In the last election, people voted based on race to give us the first black president. This time people are voting based on gender. Madeleine Albright (a former Secretary of State) told young women voters the reason to vote for the female candidate is "God will send you to a special place in hell if you don’t." That just shows how unbalanced and biased people are in their thinking. No ones goes to hell based on how they voted in a U. S. election. God has another ballot with the name of Jesus on it. That's the one that counts!
Although the election is creating quite an uproar on earth, God is in control and not worried nor will He be surprised at the outcome. He "removeth kings, and setteth up kings" (Daniel 2:21). He has not publically endorsed anyone and is keeping His opinion hidden until November. Whatever the outcome of the election, He has a reason beyond what we can see or understand. I'm casting my vote on my knees in full confidence that God knows what He's doing. May His will be done on earth as it is in heaven.


Wednesday, February 3, 2016

White Mother

Winter is the time of year to slow down. Life moves indoors and we have time to do things that get pushed back in other seasons. I always have a list of things I want to do in the winter and I'm nearing the end of the list a bit early this year. Today I did a little scrapbooking to ease my conscience and spent most of the rest of the day reading a book I've been wishing to find for years.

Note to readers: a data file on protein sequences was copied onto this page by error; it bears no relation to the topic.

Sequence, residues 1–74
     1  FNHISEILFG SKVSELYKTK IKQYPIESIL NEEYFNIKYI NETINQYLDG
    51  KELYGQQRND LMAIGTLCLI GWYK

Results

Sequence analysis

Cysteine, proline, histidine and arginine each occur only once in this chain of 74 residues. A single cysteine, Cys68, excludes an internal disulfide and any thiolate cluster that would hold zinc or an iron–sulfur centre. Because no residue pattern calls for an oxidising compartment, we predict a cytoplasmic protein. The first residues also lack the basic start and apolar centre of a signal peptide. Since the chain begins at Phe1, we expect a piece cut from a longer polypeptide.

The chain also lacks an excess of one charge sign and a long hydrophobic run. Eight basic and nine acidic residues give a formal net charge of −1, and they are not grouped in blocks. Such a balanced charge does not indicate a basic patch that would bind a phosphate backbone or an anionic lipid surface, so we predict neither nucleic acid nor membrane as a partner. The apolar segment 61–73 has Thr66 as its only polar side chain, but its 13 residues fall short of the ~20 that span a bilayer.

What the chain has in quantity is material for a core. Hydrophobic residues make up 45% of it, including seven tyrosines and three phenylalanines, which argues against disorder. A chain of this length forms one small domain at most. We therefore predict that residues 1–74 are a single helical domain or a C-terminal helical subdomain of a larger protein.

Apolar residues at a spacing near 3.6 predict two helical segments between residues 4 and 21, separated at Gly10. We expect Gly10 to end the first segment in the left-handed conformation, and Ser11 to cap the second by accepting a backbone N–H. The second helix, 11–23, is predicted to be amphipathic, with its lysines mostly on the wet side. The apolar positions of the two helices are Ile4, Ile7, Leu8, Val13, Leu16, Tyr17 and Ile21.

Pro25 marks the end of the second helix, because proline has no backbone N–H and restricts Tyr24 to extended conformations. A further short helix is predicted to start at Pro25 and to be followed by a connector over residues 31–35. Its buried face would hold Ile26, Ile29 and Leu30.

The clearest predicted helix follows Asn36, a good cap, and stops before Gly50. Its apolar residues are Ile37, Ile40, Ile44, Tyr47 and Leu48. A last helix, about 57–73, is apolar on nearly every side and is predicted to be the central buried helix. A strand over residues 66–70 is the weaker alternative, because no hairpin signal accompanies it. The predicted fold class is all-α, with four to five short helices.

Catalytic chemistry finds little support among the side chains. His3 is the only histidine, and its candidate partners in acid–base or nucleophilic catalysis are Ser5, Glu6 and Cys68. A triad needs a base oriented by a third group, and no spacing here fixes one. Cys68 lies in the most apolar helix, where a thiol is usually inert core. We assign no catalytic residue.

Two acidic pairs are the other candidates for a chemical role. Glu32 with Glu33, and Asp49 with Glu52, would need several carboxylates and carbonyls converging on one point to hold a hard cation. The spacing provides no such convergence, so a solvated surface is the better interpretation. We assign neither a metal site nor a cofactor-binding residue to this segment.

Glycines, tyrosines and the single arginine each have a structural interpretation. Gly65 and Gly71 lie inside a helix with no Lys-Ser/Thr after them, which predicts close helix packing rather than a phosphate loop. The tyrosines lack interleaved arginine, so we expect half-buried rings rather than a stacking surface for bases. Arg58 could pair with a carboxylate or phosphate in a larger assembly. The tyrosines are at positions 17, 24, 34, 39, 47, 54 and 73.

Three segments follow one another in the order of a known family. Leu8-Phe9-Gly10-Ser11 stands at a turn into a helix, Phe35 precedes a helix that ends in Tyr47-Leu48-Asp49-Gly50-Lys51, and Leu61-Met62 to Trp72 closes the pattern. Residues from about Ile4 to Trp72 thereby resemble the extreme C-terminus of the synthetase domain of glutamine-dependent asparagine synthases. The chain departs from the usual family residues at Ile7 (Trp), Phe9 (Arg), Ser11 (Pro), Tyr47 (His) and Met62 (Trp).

When I was in about fifth grade, our teacher read a book to us that made a great impression on me. White Mother, published in 1957, was written by Jessie Bennett Sams about her own life. Into the lives of two ragged little Negro girls came an angel-a white angel. So it seemed to Veanie and Mingie Bennett, seven-year-old twins in a Florida town, half-savage, motherless, caring for their paralyzed and dying father. Alone they fought for their lives, stole food, and struggled against a hostile world. Then chance led them to the white side of town and the door of Mrs. Rossie Lee. It proved to be the door to a new life.
This book was my first introduction to  race prejudice and the Jim Crow laws in the deep South. I had no idea anything like that existed. Sometimes our teacher would stop reading to us, read silently to herself, and then lay the book aside. I always wondered what those parts were that she wouldn't read to us. I looked for the book but never found it.
Then this week,  a Google search found a free download of the book for me. I snapped it up with my Kindle reader and had a hard time putting it down. I indulged myself in reading today and finished it. I enjoyed it as much as I did back in fifth grade, although I probably understood some things better than I did back then.
I think I finally know what parts the teacher didn't read to us. But I'm not going to tell you. Read it for yourself. You can download it here to Kindle or a PDF file.